In a joint statement published today, the 24 Vice Chancellors of the Russell Group of universities have pledged their commitment to ensuring the ethical and responsible use of generative AI and new technologies like ChatGPT.
Universities are increasingly recognising the importance of equipping their students and staff with AI literacy skills to leverage the opportunities presented by technological advancements in teaching and learning.
Sheila Flavell CBE, Chief Operating Officer at FDM Group, commented: “With businesses crying out for new hires equipped with the latest tech skills and analytics capabilities, providing students with a fully rounded education and qualifications in this area is critical for building a dynamic workforce, fit for the future ahead.”
Developed in collaboration with AI and educational experts, the new principles acknowledge both the risks and opportunities associated with generative AI. The statement emphasises the role of Russell Group universities in cultivating AI leaders who can navigate an AI-enabled world effectively and responsibly.
The five principles outlined in the joint statement are as follows:
AI Literacy Support: Universities will support students and staff in developing AI literacy skills, enabling them to comprehend and engage with AI effectively.
Faculty Training: Staff members will be equipped with the necessary knowledge and skills to assist students in utilising generative AI tools appropriately and effectively within their learning experiences.
Ethical Integration: Universities will adapt their teaching and assessment methods to incorporate the ethical use of generative AI, ensuring equal access to its benefits.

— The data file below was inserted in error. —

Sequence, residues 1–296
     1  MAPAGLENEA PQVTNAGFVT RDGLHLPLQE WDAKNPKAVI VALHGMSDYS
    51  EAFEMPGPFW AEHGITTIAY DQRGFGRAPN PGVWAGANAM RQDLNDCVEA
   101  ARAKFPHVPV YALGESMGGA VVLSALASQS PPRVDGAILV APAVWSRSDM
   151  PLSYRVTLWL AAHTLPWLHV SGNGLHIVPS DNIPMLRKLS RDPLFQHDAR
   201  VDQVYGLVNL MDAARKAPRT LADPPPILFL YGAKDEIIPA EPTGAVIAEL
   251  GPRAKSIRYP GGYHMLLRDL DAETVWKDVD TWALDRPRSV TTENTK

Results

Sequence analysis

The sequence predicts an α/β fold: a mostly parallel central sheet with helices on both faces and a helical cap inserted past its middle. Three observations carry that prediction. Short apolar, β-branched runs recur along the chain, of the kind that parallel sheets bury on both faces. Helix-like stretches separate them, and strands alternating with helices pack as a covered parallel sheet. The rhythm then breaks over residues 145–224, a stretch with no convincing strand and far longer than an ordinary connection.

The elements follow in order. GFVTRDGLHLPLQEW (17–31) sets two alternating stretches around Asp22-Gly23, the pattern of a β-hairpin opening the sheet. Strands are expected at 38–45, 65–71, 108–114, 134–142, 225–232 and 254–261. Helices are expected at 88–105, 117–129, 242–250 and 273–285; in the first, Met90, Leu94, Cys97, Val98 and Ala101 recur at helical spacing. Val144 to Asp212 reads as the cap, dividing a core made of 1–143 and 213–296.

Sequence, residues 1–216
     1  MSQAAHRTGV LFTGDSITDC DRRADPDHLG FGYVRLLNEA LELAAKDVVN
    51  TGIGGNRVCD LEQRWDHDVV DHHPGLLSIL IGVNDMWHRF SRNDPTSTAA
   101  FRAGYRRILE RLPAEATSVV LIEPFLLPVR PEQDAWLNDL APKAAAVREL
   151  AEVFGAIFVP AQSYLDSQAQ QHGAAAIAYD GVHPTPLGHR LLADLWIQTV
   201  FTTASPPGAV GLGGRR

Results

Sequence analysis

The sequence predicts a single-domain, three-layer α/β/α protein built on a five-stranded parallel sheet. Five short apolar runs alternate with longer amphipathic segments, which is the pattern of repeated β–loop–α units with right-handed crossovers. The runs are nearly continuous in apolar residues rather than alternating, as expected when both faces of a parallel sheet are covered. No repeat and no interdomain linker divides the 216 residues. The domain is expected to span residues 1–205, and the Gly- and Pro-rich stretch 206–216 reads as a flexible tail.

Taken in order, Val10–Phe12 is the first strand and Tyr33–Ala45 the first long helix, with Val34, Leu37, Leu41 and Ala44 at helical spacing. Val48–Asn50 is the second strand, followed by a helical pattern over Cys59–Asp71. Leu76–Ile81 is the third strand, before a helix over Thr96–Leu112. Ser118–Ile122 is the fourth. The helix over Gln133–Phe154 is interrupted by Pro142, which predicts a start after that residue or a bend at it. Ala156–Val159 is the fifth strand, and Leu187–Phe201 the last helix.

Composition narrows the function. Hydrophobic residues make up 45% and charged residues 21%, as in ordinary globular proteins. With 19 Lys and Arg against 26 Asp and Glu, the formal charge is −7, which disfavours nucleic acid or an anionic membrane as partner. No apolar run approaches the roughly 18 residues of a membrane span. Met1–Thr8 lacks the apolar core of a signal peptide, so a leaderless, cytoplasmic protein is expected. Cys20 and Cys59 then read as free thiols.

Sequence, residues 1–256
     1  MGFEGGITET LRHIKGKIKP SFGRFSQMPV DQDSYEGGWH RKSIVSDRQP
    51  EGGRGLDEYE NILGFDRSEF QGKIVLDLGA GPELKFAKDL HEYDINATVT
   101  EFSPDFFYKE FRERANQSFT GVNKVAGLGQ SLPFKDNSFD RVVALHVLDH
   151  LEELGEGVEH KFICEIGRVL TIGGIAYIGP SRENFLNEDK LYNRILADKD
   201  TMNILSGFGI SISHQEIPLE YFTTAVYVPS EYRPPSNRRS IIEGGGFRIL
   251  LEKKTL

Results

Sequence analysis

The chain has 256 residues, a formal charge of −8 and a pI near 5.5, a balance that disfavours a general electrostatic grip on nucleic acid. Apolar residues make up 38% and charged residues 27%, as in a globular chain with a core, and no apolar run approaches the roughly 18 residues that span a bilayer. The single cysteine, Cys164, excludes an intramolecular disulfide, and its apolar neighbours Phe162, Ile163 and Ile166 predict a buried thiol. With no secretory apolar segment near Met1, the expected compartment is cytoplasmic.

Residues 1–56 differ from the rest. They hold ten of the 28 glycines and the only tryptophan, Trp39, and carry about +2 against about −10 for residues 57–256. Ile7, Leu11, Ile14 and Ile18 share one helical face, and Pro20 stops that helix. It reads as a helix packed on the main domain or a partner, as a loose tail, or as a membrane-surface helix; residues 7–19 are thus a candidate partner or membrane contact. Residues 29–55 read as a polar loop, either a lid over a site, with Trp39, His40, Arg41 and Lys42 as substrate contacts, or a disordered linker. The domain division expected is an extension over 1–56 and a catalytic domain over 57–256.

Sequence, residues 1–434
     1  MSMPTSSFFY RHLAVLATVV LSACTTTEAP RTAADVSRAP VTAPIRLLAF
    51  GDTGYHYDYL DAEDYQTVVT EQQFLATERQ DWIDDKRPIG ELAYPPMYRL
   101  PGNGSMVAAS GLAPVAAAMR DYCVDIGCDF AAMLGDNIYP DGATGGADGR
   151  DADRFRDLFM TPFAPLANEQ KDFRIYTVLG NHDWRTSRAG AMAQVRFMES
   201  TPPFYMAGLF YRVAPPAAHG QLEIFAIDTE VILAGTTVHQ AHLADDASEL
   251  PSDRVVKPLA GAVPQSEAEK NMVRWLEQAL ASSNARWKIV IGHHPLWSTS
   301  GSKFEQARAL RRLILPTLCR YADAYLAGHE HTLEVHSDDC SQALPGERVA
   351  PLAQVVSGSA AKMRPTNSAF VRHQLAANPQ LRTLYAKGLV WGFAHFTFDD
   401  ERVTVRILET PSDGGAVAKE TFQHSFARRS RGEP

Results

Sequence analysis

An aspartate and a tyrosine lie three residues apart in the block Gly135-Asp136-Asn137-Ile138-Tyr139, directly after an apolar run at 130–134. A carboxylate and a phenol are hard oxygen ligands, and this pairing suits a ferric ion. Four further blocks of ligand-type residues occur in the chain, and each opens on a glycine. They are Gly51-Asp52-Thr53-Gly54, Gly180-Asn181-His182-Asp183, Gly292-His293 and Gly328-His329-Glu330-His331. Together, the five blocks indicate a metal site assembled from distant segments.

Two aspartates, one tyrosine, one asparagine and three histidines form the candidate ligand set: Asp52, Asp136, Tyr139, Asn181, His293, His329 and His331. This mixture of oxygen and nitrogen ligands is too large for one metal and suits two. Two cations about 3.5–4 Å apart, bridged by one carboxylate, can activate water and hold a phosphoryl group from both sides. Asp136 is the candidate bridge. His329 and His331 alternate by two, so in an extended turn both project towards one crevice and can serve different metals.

Academic Rigour: Academic integrity and rigour will be upheld as universities embrace the transformative power of AI in education.
Collaborative Best Practices: Universities will collaborate and share best practices as the technology and its applications in education evolve.
This announcement closely follows the UK Government’s launch of a consultation on the use of generative AI in education in England. By issuing this joint statement, the Russell Group universities aim to foster a shared understanding of the values and considerations surrounding AI in education.
Ross Sleight, Chief Strategy Officer, EMEA at CI&T, said:
“Education is still yet to be transformed by AI. It’s centuries old in how it’s done, but that doesn’t mean change isn’t on the horizon.
Exams and essays can risk regurgitation over critical thinking. Institutions must ask themselves, what is the most effective way to facilitate and consolidate knowledge, and can new technology better support this?
Technology such as ChatGPT is here to stay, and while it does pose challenges for the education sector, fighting against it is a losing battle. Institutions need to work with it and use it to their advantage. Great innovation can come from it.”
Dr Tim Bradshaw, Chief Executive of the Russell Group, highlighted the significance of AI breakthroughs in reshaping work dynamics and stressed the importance of preparing students with the skills required for successful careers. Furthermore, he emphasised the need to support university staff as they explore the potential of AI to enhance teaching methods and engage students effectively.
As the field of AI continues to advance rapidly, the joint statement of principles serves as a testament to the commitment of Russell Group universities to harnessing the transformative opportunities presented by AI.
John Kirk, Group Deputy CEO at ITG, commented: “The reality is that this technology is here to stay and deployed correctly can enhance our creative industries and help businesses transform marketing and customer interactions for the long term.
“With the digital skills shortfall still causing headaches for many companies, having systems in place to better understand such a high-impact technology is a step in the right direction.”
By prioritising the welfare of students and staff and safeguarding the integrity of education, the principles will help to ensure that AI adoption in universities is guided by clear and understood values.
Prof Michael Grove, deputy pro-vice chancellor (education policy and standards) at the University of Birmingham, said: “The rapid rise of generative AI will mean we need to continually review and re-evaluate our assessment practices, but we should view this as an opportunity rather than a threat.
You can find the full principles on the use of AI in education here (PDF)
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